The study, led by researchers at University College London (UCL) and University College London Hospitals NHS Foundation Trust (UCLH), suggests significant improvements in survival rates can be achieved when maternity and neonatal units have consistent staffing, resources and treatment policies.
The research shows that the overall rates of survival for infants born alive between 22 and 25 weeks of gestation and admitted to the neonatal unit at UCLH increased from 32 per cent to 71 per cent between 1981 and 2000. This includes babies born in other hospitals and transferred to UCH for intensive care.
The researchers also looked at the survival of infants born at the hospital between 1991 and 2000, including those born at 22-25 weeks gestation who died before they reached intensive care. The survival rate for this group at the end of the study period was 69 per cent – compared to 71 per cent for the group that included only babies admitted to the neonatal unit. This suggests that the results were not solely a consequence of selecting infants with a higher chance of survival.
The study was conducted by Professor John Wyatt, a UCLH consultant and professor at the UCL EGA Institute for Women's Health, in conjunction with the hospital's neonatal team, and is part of a larger, ongoing follow-up programme for all extremely premature babies cared for at UCLH.
There are in the region of 670,000 births in the UK each year and approximately 90 per cent of infants are born on time, at between 37 and 42 weeks gestation. However, around eight per cent of births are 'preterm' and these infants are usually cared for in specialist neonatal units. Significant advances in neonatal medicine over the last 20 years mean that preterm infants have a better chance of survival, although some will have profound disabilities.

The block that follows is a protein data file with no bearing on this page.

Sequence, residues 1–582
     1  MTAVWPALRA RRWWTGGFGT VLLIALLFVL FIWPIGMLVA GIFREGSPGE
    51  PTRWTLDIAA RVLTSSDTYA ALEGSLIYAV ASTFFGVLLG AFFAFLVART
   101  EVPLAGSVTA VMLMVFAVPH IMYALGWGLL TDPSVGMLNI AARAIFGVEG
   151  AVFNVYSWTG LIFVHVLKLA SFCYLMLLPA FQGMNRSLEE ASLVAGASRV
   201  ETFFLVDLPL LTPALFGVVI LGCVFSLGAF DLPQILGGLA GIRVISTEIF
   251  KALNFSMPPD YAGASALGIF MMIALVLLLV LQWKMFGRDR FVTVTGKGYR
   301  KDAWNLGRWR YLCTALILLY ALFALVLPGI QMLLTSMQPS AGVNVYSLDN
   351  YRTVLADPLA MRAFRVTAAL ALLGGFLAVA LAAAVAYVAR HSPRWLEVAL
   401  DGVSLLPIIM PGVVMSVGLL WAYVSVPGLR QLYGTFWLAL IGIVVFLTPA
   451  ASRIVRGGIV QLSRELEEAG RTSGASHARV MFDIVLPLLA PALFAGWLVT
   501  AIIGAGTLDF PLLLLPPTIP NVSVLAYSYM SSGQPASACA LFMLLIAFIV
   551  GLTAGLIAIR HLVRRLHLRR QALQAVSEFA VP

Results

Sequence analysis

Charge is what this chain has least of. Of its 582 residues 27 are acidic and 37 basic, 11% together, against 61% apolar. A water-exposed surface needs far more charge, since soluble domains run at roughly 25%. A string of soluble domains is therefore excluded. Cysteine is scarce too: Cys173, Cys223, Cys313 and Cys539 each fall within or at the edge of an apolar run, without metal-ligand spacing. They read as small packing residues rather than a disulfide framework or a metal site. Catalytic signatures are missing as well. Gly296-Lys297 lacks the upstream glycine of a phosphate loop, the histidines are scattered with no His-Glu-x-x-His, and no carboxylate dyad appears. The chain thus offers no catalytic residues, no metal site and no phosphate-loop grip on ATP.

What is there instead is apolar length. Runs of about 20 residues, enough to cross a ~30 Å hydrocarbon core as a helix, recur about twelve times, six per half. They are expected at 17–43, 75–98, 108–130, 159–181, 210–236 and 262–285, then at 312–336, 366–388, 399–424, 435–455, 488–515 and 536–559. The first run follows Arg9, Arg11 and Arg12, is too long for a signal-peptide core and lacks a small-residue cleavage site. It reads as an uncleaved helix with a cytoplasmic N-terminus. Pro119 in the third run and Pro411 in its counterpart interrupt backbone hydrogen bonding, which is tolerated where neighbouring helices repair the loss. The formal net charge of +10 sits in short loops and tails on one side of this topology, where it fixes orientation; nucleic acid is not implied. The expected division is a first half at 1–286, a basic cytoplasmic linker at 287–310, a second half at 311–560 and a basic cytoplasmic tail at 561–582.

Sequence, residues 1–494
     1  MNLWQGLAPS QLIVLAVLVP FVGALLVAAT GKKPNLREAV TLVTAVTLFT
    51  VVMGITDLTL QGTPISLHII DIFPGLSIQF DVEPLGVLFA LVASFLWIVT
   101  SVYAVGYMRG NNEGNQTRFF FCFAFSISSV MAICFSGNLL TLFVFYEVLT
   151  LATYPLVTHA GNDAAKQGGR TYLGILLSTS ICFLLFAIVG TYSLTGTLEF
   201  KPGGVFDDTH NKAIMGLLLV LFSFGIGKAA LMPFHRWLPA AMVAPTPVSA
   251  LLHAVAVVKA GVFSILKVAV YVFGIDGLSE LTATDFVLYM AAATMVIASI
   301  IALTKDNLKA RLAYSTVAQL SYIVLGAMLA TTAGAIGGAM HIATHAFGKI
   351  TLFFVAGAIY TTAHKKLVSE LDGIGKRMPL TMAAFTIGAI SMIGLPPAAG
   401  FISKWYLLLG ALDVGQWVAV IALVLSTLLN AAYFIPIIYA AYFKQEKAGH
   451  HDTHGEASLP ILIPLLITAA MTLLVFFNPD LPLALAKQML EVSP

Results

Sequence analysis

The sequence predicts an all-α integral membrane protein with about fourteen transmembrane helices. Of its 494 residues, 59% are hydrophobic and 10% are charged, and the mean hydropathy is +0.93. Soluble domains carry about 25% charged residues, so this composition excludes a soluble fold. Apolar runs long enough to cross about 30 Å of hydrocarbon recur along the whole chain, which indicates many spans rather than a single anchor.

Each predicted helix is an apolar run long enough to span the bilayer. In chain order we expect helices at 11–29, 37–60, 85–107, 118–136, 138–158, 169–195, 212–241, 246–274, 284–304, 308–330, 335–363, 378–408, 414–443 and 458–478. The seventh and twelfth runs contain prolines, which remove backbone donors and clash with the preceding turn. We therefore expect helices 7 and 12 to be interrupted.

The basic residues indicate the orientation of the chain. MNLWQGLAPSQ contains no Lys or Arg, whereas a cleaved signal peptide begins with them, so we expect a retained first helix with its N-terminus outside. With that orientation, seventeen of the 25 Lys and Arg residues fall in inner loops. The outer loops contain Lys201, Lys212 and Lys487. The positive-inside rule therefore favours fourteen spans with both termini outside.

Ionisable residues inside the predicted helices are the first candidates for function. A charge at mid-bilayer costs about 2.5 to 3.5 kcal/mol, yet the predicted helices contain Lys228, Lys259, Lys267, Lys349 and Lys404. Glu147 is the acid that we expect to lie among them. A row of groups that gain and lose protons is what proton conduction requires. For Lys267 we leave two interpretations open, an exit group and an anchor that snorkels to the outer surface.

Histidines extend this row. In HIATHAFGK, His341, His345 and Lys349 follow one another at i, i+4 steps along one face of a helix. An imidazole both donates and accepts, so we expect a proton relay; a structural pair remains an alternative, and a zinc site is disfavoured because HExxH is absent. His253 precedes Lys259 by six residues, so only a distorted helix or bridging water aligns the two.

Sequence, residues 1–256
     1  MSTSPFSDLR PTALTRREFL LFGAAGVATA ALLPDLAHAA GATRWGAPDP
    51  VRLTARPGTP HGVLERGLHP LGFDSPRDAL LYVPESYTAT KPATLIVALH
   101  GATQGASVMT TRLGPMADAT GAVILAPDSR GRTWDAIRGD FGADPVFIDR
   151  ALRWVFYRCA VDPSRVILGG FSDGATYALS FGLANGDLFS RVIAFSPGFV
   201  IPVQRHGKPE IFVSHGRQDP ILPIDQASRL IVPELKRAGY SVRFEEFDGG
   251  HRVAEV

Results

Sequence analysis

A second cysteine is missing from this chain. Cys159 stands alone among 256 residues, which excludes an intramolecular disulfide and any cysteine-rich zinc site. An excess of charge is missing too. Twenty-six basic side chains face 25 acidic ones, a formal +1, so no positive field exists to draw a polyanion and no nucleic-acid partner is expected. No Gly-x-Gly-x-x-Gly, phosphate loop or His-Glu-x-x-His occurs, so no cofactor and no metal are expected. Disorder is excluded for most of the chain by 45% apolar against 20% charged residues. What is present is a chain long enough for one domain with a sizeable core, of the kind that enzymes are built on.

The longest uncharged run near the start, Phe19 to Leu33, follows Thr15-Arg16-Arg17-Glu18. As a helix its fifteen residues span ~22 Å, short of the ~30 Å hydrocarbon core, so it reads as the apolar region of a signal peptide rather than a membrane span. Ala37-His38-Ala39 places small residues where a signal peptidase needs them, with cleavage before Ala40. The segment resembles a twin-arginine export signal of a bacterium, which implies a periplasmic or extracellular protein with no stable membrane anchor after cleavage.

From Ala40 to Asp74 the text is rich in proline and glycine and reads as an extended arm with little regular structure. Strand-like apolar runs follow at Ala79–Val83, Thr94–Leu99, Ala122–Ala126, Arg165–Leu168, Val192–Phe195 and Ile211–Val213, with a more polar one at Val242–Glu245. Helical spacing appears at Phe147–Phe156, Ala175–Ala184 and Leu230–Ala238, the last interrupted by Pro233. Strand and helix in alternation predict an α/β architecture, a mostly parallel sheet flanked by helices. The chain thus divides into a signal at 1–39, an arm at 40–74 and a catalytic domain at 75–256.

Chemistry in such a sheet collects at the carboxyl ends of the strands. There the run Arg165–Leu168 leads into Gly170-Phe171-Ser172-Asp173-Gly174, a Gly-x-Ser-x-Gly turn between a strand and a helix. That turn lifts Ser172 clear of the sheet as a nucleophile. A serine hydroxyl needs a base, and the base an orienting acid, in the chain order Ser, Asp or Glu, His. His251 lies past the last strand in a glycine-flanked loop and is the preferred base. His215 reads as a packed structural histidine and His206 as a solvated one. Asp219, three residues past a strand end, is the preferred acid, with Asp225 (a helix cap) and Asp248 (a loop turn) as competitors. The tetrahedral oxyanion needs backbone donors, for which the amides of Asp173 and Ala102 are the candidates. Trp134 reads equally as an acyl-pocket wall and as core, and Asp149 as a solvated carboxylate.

Dr Jane Hawdon, UCLH clinical director for women's health, said: "These results are down to the joint working of skilled and specialist teams in maternity and neonatal care including the establishment of perinatal networks so the right babies are cared for in the right place.
"UCLH significantly increased its resources for providing neonatal care between 1981 and 2000, which included employing more staff and bringing in state-of-the-art equipment. Technical advances in neonatal care – such as improved ventilation and nutrition – have also contributed, as has the close communication between the maternity and neonatal teams so you can plan the best time of delivery for mother and baby. Our facilities will improve even more later in the year when the trust opens phase two of the new University College Hospital which will include a dedicated maternal high-dependency unit and 17 neonatal intensive care cots."